contact elements elements for general contact problems. The underlying technology is
             penalty based, but with Lagrange augmentation to enforce compatibility. The elements
             allow for large sliding, either frictionless or with friction. In addition to solid mechanics,
             the elements support thermal analysis as well. The elements allowed one to solve highly
             nonlinear contact problems (for example, metal forming and rolling contact); however,
             the node-to-node and node-to-surface contact elements were perceived as difficult to use
             because of the penalty stiffness. When the elements were used for large surfaces, the
             visualization also suffered due to the numerous line elements generated; a fundamental
             drawback of this approach was evident in models of curved surfaces in conjunction with
             higher order solid elements.

                    This paper mentions contact elements 12, 52, 26, 48 and 49 to provide a historical
             perspective. Today, the ANSYS Mechanical program incorporates better, more advanced
             contact element technologies.

                                           Surface-to-Surface Contact

                     At Release 5.4 (circa 1997), ANSYS Mechanical introduced a radical
             impovement in contact analysis capabilities. At first, a series of surface-to-surface contact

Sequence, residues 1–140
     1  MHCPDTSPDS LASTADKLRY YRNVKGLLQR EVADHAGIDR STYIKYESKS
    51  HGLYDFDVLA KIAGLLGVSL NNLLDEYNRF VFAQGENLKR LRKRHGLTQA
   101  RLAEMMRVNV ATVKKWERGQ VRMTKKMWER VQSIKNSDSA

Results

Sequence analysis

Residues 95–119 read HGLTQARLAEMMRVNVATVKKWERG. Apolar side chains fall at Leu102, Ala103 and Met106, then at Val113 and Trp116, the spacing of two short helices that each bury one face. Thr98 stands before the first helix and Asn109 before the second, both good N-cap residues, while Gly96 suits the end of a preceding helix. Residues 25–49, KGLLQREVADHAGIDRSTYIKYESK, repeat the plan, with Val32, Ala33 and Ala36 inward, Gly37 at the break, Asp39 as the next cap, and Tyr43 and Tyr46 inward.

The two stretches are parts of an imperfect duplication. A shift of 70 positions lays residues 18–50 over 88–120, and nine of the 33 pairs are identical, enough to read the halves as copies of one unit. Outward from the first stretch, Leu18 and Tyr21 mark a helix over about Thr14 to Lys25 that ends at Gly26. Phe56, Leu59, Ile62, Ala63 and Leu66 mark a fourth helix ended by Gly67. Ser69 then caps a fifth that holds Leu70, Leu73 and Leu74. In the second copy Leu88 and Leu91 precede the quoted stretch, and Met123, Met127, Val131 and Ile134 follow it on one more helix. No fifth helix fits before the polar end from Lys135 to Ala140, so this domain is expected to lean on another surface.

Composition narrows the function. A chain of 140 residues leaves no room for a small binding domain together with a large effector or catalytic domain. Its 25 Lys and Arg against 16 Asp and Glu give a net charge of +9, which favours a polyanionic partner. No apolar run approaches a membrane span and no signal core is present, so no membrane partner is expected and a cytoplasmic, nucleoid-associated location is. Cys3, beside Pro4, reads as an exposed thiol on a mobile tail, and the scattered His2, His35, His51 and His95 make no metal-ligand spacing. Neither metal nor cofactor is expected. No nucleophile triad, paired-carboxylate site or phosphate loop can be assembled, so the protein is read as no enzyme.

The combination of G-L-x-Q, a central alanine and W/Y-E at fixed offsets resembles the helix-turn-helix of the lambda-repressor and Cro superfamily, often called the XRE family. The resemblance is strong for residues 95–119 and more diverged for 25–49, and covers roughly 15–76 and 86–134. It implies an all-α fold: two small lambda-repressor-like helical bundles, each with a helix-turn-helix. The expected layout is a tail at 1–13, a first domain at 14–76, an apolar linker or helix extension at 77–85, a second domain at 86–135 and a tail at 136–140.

elements (169-174) allowed one to model rigid-to-flexible surface interaction. The
             augmented Lagrange method with penalty is the basis for the elements, but with a
             significant difference. The penalty stiffness, selected by default, is a function of many
             factors (including the size of adjoining elements and the properties of underlying
             materials). It is not necessary to provide an absolute value of stiffness, but one may
             override default values via a scaling non-dimensional factor. This option is necessary in
             bending-dominated situations. A recent update of the algorithm modifies the penalty
             stiffness based upon the stresses in underlying elements.

                     The 169-174 contact elements are easier to visualize and interpret. The output is
             in the form of stress rather than force. The numerical algorithms employed are efficient,
             even in large problems. The friction is treated in a rigorous manner as a normal